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Mechanically Isolated Stromal Vascular Fraction by Nanofat Emulsification Techniques

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Abstract

We read with great interest the article titled “Mechanical Micronization of Lipoaspirates: Squeeze and Emulsification Techniques” by Mashiko et al.1 Foremost, we want to congratulate the authors for this beautiful work that adds significant details to our knowledge on mechanical extraction of stromal vascular fraction of adipose tissue without enzymatic digestion. Indeed, the authors demonstrated the possible presence of adipose-derived stromal cells (CD45−/CD31−/CD34+ cells) in squeezed and emulsified fat. The emulsification technique developed by the authors results in two distinct products: a solid fraction (called residual tissue of emulsified fat) and a fluid fraction (called filtrated fluid of emulsified fat). The analysis of the cell composition is performed essentially to the solid portion, which is different from the product called nanofat by Tonnard and Verpaele.2 Indeed, Tonnard and Verpaele analyzed the liquid phase (e.g., the stromal vascular fraction obtained using a similar technique without the two steps of centrifugation). The fluid portion is particularly interesting in clinical practice for indications of regenerative surgery (e.g., after radiotherapy, burns sequelae), whereas the solid portion may be useful for intermediate indications between fat grafting (volumetric correction of defect) and nanofat grafting (regenerative surgery). This new study characterizes a portion not studied until now.
We would like to discuss two points that have not been addressed by the authors. First, in our opinion, it would be really interesting to determine whether the adipose-derived stromal cells (CD45−/CD31−/CD34+) isolated by these two free enzymatic extraction methods are “classic” adipose-derived stromal cells. Indeed, adipose-derived stromal cells are characterized by different criteria,3 such as their ability to form colony-forming unit-fibroblast cells, the ability to differentiate into various cell types derived from the mesodermal lineage (bone, cartilage, and adipose tissue), and the presence of mesenchymal markers (CD105, CD73, and CD90), which were not assayed by the authors.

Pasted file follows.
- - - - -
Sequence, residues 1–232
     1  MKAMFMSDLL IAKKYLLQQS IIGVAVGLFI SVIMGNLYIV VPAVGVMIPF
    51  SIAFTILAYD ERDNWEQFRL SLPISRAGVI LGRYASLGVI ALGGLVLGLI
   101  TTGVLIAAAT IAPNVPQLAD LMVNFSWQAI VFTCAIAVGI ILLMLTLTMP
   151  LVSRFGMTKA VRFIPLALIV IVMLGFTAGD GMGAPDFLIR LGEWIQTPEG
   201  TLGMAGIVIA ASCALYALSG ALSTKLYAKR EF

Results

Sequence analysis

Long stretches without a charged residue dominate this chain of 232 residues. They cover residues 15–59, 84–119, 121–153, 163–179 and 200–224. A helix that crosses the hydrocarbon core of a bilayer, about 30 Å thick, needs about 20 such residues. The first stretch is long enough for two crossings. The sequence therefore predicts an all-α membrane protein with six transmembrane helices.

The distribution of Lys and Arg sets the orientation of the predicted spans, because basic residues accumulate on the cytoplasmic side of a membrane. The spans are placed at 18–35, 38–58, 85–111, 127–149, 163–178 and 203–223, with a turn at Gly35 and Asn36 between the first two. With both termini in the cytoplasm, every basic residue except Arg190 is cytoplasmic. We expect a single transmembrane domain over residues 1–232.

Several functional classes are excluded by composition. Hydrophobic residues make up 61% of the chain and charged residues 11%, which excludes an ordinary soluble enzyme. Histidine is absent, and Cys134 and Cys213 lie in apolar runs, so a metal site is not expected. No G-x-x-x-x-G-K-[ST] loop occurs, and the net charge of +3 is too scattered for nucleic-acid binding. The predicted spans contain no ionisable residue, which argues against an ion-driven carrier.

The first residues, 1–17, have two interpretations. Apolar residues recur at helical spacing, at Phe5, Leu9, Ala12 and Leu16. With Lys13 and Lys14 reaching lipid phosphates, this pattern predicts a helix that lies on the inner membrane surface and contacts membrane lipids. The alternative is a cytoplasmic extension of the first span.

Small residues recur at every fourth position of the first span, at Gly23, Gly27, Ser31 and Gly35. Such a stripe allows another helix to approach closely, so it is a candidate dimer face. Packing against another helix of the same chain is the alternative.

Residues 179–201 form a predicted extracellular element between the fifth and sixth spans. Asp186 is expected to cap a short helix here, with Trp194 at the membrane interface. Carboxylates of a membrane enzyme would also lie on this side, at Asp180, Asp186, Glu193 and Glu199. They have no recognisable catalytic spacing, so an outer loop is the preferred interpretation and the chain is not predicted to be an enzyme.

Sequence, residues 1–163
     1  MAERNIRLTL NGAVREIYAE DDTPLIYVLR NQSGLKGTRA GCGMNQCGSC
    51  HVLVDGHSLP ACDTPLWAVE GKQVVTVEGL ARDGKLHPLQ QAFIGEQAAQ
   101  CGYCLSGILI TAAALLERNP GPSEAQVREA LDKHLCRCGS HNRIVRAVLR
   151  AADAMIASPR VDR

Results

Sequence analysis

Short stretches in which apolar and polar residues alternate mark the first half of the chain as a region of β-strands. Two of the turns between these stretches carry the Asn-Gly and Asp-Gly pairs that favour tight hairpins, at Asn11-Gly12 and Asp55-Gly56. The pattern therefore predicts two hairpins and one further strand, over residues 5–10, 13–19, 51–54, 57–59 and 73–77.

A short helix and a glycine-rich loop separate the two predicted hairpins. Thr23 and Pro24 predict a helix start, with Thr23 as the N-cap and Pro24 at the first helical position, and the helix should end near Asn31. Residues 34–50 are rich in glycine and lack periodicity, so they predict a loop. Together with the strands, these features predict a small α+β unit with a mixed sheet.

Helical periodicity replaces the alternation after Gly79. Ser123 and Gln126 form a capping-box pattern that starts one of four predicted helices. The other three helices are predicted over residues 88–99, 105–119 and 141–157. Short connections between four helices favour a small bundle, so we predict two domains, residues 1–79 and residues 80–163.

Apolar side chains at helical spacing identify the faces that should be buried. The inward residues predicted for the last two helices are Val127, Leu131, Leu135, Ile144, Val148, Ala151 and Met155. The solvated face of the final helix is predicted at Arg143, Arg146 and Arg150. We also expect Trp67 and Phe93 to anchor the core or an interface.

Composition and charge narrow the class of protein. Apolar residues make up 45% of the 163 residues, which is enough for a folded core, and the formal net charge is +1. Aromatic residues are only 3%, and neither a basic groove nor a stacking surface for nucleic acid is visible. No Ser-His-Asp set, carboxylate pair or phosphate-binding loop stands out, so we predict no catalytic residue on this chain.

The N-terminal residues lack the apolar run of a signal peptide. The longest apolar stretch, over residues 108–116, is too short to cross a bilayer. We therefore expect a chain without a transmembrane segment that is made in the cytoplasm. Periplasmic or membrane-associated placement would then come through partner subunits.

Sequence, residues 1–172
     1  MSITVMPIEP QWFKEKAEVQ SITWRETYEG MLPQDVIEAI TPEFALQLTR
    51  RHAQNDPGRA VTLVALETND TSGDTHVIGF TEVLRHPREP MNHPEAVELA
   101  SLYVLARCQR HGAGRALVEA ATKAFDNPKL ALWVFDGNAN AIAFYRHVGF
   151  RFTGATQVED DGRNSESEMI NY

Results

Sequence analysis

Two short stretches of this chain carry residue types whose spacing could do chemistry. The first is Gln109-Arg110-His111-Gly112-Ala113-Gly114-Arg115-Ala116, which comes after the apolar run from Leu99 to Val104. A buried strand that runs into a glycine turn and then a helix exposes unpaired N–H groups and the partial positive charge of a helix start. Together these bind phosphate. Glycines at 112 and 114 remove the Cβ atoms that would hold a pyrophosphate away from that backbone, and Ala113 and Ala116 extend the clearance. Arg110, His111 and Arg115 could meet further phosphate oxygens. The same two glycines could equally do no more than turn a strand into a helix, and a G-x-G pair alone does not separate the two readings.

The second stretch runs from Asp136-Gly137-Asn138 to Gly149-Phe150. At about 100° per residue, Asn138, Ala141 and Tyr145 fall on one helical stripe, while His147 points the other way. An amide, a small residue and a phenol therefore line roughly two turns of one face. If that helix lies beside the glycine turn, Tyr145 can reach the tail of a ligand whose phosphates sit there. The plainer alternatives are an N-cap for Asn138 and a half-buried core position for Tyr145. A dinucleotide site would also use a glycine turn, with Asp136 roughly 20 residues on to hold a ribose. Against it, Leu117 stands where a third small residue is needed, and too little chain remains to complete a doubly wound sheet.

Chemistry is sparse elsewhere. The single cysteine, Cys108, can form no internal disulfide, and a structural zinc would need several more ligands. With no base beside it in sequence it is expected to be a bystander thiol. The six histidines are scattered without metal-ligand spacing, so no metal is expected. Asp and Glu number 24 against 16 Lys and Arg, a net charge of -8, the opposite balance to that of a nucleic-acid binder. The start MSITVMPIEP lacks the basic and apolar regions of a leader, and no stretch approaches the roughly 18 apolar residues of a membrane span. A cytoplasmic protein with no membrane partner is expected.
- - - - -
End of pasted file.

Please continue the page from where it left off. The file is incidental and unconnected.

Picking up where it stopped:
Moreover, we demonstrated that the stromal vascular fraction obtained after emulsification of the fat with the nanofat technique, described by Tonnard and Verpaele, contains functional adipose-derived stromal cells.4 Indeed, adipose-derived stromal cells isolated with this technique present all the criteria described below and are functional with immunosuppressive properties characterized by the capability to decrease the proliferation of human T cells. Functional adipose-derived stromal cells, through secretion of paracrine factors, can modulate inflammation and can favor angiogenesis, two factors that play an essential role in tissue regeneration.5
In conclusion, all changes in the technique of mechanical extraction of stromal vascular fraction cells can modify cell composition and may alter cell properties. Therefore, stromal vascular fraction isolated with new mechanical techniques has to be tested in vitro to demonstrate the presence of adipose-derived stromal cells. Moreover, the presence of functional adipose-derived stromal cells has to be determined so that the use of this new technique in the operating room can be judged and validated and the best regenerative mechanical technique can be chosen.
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